A bill that would require first-time drivers to take lessons on how to act during a traffic stop could soon be on its way to the governor’s desk in Louisiana.
The proposal passed the state house on Sunday with a 96-0 vote and previously passed in the state senate last month with a 36-0 vote. Since the bill has no added amendments from the house, no further action is required in the senate and the bill is expected to move to the governor’s desk.
Republican State Senator Ryan Gatti sponsored the bill along with two democratic co-sponsors. Gatti says the inspiration for the measure came up after a conversation with retired NFL player Demetric Evans who grew up in his district.
“After the shootings in Baton Rouge and the shootings in Dallas last year he contacted my office and asked me to author a bill that helped educate young drivers on how to act when they got pulled over,” Gatti told Fox News.
He added that he’s received an outpouring of support from his colleagues across the aisle and law enforcement officers within the state and across the country. Gatti also hopes to create a video tutorial for seasoned drivers and touts the initiative will not cost taxpayers or drivers any extra money.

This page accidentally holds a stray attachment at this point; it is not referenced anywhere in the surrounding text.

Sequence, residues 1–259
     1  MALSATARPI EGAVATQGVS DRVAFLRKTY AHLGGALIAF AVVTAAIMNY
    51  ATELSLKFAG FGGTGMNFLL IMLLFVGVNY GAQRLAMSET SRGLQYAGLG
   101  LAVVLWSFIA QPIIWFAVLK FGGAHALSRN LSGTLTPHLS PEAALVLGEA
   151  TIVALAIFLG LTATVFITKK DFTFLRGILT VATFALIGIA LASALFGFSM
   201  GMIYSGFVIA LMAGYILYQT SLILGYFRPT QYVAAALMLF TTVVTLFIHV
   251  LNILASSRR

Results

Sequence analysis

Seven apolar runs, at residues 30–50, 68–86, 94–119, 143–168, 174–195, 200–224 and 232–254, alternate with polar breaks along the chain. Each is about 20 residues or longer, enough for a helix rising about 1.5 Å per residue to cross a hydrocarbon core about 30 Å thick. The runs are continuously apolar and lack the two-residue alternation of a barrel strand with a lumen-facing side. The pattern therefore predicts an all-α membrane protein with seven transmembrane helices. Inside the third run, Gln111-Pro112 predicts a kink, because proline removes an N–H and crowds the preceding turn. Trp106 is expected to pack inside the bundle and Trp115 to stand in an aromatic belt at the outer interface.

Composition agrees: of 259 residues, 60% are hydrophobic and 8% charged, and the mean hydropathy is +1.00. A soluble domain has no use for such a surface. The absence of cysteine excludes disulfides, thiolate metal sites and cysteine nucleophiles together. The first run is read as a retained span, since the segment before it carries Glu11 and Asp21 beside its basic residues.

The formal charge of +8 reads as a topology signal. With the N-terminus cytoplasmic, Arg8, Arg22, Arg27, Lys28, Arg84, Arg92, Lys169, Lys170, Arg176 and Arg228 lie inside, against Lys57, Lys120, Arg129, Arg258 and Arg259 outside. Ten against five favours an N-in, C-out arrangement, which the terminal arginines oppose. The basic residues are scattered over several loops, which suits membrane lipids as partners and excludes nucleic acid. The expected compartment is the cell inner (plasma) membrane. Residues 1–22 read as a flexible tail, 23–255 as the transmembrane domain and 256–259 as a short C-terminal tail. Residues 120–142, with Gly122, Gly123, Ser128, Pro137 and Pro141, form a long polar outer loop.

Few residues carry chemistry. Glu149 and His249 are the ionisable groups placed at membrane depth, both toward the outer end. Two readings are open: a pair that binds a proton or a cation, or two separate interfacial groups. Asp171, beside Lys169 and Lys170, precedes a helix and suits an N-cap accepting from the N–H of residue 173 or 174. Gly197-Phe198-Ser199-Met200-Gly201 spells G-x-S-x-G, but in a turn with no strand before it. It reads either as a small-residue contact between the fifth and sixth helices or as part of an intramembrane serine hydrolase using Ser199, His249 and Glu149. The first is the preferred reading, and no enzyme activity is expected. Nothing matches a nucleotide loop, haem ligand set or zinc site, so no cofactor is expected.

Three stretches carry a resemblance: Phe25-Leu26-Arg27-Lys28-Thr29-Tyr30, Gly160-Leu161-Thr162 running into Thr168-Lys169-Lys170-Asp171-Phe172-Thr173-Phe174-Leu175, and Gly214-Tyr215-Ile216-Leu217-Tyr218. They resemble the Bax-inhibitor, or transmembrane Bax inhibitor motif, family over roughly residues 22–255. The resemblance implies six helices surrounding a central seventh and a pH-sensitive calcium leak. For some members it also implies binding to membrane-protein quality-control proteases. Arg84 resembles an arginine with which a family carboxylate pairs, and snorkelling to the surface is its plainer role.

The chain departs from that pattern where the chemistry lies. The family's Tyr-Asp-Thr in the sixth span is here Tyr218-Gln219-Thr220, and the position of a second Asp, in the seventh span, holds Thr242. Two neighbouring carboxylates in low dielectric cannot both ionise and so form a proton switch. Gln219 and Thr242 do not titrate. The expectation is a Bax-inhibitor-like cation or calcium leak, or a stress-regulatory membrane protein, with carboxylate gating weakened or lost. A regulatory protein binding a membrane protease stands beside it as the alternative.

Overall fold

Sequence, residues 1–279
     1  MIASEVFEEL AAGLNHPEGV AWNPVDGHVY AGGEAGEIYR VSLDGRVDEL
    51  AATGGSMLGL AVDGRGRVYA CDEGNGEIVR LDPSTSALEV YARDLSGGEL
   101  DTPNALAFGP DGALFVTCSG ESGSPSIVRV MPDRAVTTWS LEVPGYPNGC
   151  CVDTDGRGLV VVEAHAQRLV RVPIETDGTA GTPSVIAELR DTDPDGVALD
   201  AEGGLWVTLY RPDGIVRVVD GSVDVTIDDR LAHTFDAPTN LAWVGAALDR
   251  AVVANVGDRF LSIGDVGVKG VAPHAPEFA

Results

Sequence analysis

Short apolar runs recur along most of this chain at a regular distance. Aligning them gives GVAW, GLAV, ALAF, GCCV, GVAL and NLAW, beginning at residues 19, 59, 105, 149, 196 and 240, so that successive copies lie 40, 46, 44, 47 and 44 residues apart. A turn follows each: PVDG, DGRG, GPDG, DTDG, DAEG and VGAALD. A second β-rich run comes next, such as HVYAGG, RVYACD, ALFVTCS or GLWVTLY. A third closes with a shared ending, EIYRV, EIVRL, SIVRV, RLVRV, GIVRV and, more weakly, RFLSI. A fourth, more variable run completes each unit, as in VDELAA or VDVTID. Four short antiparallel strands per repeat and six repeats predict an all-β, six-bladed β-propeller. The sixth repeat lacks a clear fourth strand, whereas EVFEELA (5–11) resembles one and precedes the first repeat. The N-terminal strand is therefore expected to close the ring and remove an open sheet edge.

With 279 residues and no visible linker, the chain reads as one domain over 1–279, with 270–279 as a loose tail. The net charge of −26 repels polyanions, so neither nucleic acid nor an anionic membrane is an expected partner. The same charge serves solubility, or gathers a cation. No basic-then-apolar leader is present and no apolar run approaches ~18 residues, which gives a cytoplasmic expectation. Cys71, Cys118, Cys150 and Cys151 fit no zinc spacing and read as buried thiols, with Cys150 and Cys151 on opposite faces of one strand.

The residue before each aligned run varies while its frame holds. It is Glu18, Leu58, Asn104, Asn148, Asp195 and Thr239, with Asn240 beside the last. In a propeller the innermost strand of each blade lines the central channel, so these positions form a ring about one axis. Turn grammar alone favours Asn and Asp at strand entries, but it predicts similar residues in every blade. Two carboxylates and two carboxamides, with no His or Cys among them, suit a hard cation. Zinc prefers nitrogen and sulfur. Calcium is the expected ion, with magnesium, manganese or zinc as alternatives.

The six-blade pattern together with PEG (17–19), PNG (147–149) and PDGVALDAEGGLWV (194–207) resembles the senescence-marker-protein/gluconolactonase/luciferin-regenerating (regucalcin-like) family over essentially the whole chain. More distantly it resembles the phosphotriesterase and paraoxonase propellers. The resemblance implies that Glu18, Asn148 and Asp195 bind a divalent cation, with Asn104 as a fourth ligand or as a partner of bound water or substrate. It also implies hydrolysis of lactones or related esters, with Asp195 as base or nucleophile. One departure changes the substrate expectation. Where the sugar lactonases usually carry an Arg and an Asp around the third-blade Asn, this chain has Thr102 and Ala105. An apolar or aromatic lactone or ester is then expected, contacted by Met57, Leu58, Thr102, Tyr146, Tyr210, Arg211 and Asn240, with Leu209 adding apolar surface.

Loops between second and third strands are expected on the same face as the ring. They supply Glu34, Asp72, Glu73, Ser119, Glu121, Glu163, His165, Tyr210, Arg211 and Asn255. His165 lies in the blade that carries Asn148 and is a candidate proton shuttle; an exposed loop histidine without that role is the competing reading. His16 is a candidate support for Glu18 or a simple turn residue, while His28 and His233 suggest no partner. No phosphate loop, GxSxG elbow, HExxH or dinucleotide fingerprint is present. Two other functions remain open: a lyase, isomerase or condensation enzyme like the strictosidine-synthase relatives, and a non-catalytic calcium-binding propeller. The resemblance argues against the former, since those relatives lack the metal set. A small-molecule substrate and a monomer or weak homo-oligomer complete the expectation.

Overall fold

First-time drivers would be required to take a training course to learn the “appropriate way to respond when stopped by a law enforcement officer,” as described in the text of the legislation. The new law is an addition to the driver’s license requirements already on the books.
“There’s a plethora of training on the officers side of the equation, but what we’ve found out is there’s no training [for citizens] or very little if any,” Gatti added. “If there is training it’s different in every parish. This will make the training uniform and officers will be aware of the training given to the drivers.”
If signed by Governor John Bel Edwards, the bill would become law on January 1, 2018.